Magazine article Screen International

Ender's Game

Magazine article Screen International

Ender's Game

Article excerpt

Dir: Gavin Hood. US. 2013. 115mins

A dark sci-fi adventure, Ender's Game has plenty of ideas beneath its conventional storyline of a talented prodigy who alone can defeat the forces of evil. Those bolder ambitions aren't always realised, but it's a tribute to director Gavin Hood that the film (based on Orson Scott Card's acclaimed novel) aspires to be a thoughtful, awe-inspiring emotional epic as well as an effects-driven spectacle. Ender's Game's moral complexity may come across as muddled, but rising star Asa Butterfield and rejuvenated veteran Harrison Ford give this potentially escapist fable significant heft.

The movie walks a delicate line between celebrating violence and condemning it, and that tension is embodied in the tense relationship between young Ender and the battle-tested Graff.

Opening in the UK on October 25 before expanding to the US on November 1, Ender's Game is something of a commercial gamble. Despite the popularity of Card's book, which started as a short story in the late 1970s before being published as a novel in the mid-'80s, this film doesn't feature a lot of box office firepower, although Ford might be able to draw in older viewers. With its young main characters probably attracting the same teen crowds that supported The Hunger Games, Ender's Game will have to compete with the still-potent Gravity as well as two major upcoming fantasy entries: Thor: The Dark World and The Hunger Games: Catching Fire.

The movie takes place in an unspecified future in which Earth is still recovering from a horrifying attack by the Formics, an alien species that looks like giant insects that killed thousands before being finally defeated and beaten back to their home planet. It's been years since the aliens unleashed their assault, but Earth's military leaders, most notably the ever-vigilant Colonel Graff (Ford), have been training gifted young people to become soldiers in preparation for any subsequent attacks.

Selected to attend the elite Battle School, which is a space station orbiting Earth, is Ender Wiggins (Butterfield), a shy 12-year-old who's a cunning strategist. This punishing outer space boot camp is designed to weed out those who don't have the physical, mental or emotional stamina for combat, but the task is even harder for Ender since Graff has made it clear that he's the most outstanding pupil and expects him to outclass his peers.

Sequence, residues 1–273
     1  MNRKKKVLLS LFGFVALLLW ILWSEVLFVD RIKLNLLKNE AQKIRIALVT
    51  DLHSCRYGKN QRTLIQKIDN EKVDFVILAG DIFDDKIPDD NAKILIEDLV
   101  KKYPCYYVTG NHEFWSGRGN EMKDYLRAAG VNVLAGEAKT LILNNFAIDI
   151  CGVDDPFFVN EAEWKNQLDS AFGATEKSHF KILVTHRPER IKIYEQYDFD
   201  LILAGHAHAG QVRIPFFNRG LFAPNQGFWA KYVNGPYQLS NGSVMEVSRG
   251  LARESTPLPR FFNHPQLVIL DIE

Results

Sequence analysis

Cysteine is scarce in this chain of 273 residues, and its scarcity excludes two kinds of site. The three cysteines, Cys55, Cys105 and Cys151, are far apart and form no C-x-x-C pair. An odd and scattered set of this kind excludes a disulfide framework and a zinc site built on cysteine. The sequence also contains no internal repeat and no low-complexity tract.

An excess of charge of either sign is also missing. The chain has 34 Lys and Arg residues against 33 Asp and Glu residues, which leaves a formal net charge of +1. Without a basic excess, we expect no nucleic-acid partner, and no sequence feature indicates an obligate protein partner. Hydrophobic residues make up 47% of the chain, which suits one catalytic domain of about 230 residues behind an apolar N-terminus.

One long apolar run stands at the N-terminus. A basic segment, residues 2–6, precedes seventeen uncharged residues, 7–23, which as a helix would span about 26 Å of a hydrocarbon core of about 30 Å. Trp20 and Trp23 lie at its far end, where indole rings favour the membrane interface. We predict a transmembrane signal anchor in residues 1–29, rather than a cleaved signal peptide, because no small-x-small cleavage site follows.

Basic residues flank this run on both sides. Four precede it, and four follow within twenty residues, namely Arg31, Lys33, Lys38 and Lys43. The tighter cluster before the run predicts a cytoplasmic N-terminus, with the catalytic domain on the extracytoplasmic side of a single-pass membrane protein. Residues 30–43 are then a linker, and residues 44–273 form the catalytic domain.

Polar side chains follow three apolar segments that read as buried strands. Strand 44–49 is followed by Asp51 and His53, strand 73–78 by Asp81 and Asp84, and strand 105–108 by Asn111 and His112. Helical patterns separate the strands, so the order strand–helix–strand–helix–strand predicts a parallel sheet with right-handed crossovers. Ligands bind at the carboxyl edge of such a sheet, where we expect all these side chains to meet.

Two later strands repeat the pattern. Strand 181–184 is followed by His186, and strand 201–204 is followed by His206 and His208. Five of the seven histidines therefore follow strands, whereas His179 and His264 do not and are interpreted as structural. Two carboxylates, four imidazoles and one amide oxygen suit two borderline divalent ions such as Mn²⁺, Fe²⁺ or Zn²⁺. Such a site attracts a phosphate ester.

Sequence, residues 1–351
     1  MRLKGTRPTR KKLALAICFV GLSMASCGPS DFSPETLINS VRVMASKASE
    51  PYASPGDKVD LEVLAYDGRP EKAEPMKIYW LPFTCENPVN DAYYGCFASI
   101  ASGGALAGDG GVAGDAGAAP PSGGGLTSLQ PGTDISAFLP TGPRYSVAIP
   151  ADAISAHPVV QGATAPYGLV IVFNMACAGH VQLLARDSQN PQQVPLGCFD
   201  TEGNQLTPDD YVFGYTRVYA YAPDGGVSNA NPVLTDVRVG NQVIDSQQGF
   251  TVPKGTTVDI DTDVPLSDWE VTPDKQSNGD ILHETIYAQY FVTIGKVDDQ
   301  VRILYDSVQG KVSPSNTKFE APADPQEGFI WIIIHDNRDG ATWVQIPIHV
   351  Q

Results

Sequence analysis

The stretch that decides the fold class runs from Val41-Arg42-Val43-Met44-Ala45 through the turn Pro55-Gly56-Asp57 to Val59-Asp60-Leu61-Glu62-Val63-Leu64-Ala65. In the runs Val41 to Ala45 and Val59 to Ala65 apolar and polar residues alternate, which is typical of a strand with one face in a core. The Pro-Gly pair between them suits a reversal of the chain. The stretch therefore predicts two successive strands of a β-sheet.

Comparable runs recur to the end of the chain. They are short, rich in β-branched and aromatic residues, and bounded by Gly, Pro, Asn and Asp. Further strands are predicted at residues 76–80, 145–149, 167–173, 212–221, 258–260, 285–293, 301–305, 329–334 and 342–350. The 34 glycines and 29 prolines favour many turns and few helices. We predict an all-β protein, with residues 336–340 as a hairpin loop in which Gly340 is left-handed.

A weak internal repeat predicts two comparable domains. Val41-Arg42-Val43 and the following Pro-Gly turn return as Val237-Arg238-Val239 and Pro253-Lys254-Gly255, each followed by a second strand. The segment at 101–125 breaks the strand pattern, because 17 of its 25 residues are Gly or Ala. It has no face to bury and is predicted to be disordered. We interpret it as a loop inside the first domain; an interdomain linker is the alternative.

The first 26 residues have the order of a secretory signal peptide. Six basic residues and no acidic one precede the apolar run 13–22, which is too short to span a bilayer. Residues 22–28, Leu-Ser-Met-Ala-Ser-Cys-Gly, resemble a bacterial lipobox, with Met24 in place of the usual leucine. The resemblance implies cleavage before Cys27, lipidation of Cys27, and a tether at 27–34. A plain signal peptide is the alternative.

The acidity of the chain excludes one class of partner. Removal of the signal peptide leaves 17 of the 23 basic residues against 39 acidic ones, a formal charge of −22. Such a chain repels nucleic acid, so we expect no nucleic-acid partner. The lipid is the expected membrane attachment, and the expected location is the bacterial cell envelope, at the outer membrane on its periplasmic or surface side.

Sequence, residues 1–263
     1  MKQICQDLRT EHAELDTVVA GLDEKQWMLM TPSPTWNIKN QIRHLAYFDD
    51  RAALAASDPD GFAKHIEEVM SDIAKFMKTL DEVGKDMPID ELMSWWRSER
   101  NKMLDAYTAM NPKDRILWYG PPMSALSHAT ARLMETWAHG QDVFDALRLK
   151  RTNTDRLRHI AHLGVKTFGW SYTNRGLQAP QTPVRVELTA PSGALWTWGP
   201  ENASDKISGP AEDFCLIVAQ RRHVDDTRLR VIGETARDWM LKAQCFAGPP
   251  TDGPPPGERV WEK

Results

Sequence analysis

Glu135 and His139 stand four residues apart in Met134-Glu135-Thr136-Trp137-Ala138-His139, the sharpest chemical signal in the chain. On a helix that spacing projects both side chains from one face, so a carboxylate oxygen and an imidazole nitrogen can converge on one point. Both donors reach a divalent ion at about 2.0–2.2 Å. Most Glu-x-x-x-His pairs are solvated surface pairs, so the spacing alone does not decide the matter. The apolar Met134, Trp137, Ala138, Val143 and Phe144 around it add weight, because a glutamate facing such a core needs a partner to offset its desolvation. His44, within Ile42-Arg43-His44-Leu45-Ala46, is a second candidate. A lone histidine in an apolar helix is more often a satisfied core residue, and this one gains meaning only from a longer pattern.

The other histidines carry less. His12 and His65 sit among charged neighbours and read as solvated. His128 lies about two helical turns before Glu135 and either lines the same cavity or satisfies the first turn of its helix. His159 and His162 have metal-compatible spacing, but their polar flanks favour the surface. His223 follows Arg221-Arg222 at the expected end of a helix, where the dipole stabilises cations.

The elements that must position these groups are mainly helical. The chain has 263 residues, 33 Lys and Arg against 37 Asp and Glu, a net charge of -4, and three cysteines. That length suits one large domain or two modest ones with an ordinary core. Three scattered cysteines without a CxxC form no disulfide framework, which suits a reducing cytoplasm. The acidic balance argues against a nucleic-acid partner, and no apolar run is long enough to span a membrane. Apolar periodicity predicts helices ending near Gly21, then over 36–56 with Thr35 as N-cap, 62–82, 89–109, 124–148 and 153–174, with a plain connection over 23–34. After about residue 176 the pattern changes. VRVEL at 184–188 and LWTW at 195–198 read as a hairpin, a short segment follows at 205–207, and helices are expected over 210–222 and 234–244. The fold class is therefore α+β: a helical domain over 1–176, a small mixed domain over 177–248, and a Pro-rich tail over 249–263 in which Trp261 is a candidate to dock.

Though the book predates The Hunger Games and the Harry Potter novels, Ender's Game has the misfortune of coming to the screen after those books, which borrow from Card the notion of a young person who must withstand extreme challenges and compete against others to prove himself worthy. Consequently, this movie adaptation (written and directed by X-Men Origins: Wolverine filmmaker Hood) feels somewhat familiar -- an impression strengthened by the fact that this is the umpteenth coming-of-age story about a meek, lowly protagonist ordained as "the one" who must uncover untapped depths to fulfil his destiny.

If Ender's Game isn't particularly original, Hood at least imbues the story with a grim urgency, which borders on humourless but nonetheless conveys a tautness that's sufficiently compelling. Card's book happened years before the 9/11 attacks, but there's no mistaking the film's evoking of that day in its depiction of an Earth still reeling from the Formics' devastating, unexpected assault.

Glum paranoia hovers over the film, and it's conveyed nicely in Butterfield, perhaps best known as the star of Hugo and The Boy In The Striped Pyjamas. …

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